Williams, a consensus top20 senior in the nation according to scouting services, has already visited Virginia, Duke and Tennessee and is expected to make his decision after the Memphis visit.

Briarcrest junior guard Leslie McDonald and White Station junior forward Farrakohn Hall -- both consensus top-75 players -- headline a long list of underclassmen coming to Memphis Madness, which also includes: Gentry Hines (Raleigh-Egypt), Tim Peete (Central), Greg Wooten (Briarcrest), Joe Jackson (White Station), Bobby Parks Jr. (Ridgeway) and Mardracus Wade (Mitchell), among others.

Memphis also will have out-of-town visitors from the 2009 high school class, including Christian Watford from Birmingham and Xavier Henry from Oklahoma City. Watford, a 6-7 small forward, is rated in the top 50 by most scouting services and is also very good friends with DeMarcus Cousins, a consensus top-five player in the class. Cousins was still considering visiting Memphis Madness as of Wednesday.

This will be Henry's second straight visit to Memphis Madness. A 6-6 guard rated No. 2 in the junior class by, Henry's favorites appear to be Memphis and Kansas at this point. His father, Carl Henry, played at Kansas when Calipari was an assistant there.

Durand Scott, a 6-4 guard from New York rated as a top-50 junior, also is likely to be in Memphis on an unofficial visit this weekend.

All told, that's between five and seven potential McDonald's All-Americans.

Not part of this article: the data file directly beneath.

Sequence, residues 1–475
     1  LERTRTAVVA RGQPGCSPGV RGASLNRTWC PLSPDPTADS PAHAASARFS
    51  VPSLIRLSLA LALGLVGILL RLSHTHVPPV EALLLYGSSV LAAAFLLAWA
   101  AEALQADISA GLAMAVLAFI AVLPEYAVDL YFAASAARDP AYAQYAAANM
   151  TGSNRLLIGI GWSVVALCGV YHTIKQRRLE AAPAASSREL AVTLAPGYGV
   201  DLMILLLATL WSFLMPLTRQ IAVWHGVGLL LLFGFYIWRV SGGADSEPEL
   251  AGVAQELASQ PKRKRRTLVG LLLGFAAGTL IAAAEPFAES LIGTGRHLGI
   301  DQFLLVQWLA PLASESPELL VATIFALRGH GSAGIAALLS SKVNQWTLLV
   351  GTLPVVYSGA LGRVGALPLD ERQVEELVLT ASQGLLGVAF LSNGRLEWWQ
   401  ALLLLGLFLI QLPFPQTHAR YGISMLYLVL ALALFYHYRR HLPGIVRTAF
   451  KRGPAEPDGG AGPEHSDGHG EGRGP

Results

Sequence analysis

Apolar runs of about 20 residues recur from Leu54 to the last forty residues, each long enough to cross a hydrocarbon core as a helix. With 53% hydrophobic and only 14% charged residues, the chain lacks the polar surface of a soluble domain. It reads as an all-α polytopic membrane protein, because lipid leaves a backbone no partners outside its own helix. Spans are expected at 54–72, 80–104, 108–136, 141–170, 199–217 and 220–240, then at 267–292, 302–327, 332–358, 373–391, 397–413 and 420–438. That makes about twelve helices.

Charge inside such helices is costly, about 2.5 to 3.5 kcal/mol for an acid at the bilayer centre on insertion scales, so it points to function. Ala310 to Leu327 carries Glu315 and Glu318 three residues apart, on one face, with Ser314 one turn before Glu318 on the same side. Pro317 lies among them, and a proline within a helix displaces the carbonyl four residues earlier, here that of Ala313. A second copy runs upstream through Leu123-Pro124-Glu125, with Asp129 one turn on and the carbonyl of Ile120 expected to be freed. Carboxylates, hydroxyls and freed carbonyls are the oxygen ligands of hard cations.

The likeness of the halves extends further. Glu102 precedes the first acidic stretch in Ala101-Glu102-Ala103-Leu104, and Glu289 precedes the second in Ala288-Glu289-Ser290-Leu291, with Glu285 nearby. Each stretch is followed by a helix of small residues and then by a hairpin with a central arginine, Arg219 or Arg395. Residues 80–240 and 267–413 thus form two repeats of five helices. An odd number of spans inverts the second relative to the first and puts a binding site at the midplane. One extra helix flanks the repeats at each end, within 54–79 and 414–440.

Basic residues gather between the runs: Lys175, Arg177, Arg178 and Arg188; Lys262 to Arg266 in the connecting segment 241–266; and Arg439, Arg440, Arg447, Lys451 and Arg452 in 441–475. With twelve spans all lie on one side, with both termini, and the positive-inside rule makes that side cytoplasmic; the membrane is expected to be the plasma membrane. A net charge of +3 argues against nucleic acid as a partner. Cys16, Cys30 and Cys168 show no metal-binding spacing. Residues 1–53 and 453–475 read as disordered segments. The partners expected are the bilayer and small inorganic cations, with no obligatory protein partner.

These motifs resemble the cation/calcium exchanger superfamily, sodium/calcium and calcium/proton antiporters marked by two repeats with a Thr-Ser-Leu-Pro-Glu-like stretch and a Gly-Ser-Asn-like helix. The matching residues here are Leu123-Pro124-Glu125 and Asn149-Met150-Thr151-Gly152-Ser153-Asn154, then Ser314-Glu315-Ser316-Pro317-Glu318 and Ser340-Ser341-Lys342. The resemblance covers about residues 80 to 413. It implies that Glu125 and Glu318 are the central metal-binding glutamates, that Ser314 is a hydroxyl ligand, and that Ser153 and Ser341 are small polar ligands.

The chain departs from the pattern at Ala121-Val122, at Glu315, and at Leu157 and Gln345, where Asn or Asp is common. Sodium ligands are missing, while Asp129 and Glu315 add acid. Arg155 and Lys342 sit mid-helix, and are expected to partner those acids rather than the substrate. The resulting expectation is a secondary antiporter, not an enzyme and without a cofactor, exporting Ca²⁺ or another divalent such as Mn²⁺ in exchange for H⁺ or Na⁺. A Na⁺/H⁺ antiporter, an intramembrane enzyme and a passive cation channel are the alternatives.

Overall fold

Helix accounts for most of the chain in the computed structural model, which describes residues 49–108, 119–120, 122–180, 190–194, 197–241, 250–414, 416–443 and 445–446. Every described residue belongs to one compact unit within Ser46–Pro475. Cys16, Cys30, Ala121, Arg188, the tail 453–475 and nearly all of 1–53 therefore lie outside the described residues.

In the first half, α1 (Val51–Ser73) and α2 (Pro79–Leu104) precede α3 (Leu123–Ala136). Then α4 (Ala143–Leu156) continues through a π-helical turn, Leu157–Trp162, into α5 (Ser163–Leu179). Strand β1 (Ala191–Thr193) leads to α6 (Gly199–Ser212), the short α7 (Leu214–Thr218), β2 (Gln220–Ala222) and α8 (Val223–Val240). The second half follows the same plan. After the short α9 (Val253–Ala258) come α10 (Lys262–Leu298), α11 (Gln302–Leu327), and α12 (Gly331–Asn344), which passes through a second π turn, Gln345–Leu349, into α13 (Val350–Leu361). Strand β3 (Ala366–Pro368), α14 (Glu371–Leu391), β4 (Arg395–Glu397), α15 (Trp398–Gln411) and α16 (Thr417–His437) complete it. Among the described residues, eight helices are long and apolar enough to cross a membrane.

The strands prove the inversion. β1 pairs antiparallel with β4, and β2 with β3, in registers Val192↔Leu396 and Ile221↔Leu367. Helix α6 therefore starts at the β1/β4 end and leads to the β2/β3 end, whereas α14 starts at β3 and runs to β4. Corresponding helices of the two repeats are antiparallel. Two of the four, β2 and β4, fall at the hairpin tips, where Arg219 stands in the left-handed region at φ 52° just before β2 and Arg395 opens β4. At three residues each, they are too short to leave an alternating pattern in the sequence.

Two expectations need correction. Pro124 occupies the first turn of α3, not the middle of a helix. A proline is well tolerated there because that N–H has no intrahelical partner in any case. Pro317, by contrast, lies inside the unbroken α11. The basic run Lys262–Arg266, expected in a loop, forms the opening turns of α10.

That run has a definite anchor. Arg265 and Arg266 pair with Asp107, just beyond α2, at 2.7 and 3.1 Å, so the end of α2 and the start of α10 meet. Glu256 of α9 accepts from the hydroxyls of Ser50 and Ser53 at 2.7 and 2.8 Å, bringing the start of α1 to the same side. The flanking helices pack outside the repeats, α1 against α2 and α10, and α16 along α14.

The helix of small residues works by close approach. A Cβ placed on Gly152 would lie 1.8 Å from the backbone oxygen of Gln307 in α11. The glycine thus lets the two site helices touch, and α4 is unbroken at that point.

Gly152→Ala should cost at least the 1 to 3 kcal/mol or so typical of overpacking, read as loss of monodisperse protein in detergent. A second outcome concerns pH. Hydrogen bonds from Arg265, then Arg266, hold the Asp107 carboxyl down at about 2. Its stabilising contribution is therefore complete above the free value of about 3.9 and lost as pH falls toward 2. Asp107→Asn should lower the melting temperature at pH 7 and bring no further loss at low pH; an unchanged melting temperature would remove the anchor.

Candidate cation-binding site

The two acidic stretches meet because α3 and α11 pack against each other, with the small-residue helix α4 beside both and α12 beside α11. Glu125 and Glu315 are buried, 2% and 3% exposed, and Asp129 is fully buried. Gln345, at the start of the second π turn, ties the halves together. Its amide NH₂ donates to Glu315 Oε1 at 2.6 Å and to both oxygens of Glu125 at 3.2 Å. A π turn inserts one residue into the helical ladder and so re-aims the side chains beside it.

3. The evening begins at 6:30 p.m. with a performance by the Memphis band and cheerleaders on the FedExForum plaza. Doors will open at 7 p.m., and players will be available for autographs until roughly 7:50 p.m. At 8 p.m. players will be introduced, and festivities will continue until about 9:30 p.m.

At some point in the event, Memphis will introduce the 15Chinese coaches who are in town observing the Tigers as part of Calipari's coaches' exchange. A few of the coaches, who played in the Chinese Basketball Association, will have a 3-point shooting contest against Memphis' players. The Tigers also will have a dunk contest and finish with a short intra-squad scrimmage.

4. Though the entire Midnight Madness tradition began in 1971 when Lefty Driesell held a real practice at Maryland just after midnight on Oct. 15, it's now nothing more than a showcase. In fact, the NCAA has even changed the rules to allow the madness to begin the evening before the official day when teams can start practicing.

As for the Tigers, the scrimmage will be organized, but probably not quite full speed. That's because they'll have to get up early Saturday morning to begin the real work with a string of two-a-day practices. Still, fans should be able to get just enough of a glimpse to whet their appetites for the Nov. 5 season opener.

"Our fans know this team," Calipari said. "They'll know how we play, but what they're wanting to see is the new guys too. Who got stronger from the old players? Who's better than they were a year ago? Who's improved?

"And then they'll want to see, what about this Derrick Rose kid, this Jeff Robinson kid and this Shawn Taggart kid? They'll want to leave the building saying, man, is Antonio Anderson better? Robert Dozier is so much stronger. That's what they'll want to say, and then they'll try to figure out where the other guys are."

Reach Dan Wolken at 529-2365; read his blogs on Tiger basketball at

Tuesday, October 16, 2007

CA Columnist Geoff Calkins - Tigers bringing much-needed optimism to city